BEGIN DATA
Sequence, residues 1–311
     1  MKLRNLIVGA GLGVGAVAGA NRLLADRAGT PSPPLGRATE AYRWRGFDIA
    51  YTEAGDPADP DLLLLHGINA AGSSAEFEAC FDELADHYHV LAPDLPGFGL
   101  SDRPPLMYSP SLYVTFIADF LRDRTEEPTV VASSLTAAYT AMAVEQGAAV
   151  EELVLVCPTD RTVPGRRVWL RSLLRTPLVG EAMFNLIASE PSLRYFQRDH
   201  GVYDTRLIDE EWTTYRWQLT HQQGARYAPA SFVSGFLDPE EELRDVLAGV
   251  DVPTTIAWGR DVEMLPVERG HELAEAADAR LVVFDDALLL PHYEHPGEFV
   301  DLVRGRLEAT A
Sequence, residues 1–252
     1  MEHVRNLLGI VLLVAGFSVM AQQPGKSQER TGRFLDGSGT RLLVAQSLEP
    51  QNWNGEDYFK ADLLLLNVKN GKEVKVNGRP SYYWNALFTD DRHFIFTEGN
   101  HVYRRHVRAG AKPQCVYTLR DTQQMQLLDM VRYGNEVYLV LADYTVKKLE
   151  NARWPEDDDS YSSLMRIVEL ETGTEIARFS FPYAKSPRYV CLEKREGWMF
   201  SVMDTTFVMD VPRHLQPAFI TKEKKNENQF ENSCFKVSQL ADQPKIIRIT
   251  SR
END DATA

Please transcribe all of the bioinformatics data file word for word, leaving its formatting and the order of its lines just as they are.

Sequence, residues 1–311
     1  MKLRNLIVGA GLGVGAVAGA NRLLADRAGT PSPPLGRATE AYRWRGFDIA
    51  YTEAGDPADP DLLLLHGINA AGSSAEFEAC FDELADHYHV LAPDLPGFGL
   101  SDRPPLMYSP SLYVTFIADF LRDRTEEPTV VASSLTAAYT AMAVEQGAAV
   151  EELVLVCPTD RTVPGRRVWL RSLLRTPLVG EAMFNLIASE PSLRYFQRDH
   201  GVYDTRLIDE EWTTYRWQLT HQQGARYAPA SFVSGFLDPE EELRDVLAGV
   251  DVPTTIAWGR DVEMLPVERG HELAEAADAR LVVFDDALLL PHYEHPGEFV
   301  DLVRGRLEAT A
Sequence, residues 1–252
     1  MEHVRNLLGI VLLVAGFSVM AQQPGKSQER TGRFLDGSGT RLLVAQSLEP
    51  QNWNGEDYFK ADLLLLNVKN GKEVKVNGRP SYYWNALFTD DRHFIFTEGN
   101  HVYRRHVRAG AKPQCVYTLR DTQQMQLLDM VRYGNEVYLV LADYTVKKLE
   151  NARWPEDDDS YSSLMRIVEL ETGTEIARFS FPYAKSPRYV CLEKREGWMF
   201  SVMDTTFVMD VPRHLQPAFI TKEKKNENQF ENSCFKVSQL ADQPKIIRIT
   251  SR